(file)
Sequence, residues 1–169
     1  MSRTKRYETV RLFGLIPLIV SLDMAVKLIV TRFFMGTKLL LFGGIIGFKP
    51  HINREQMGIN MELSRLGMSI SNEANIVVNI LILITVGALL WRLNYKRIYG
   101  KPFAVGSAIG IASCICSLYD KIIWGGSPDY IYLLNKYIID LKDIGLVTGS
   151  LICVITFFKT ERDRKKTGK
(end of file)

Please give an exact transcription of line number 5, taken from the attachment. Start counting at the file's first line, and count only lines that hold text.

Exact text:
   151  LICVITFFKT ERDRKKTGK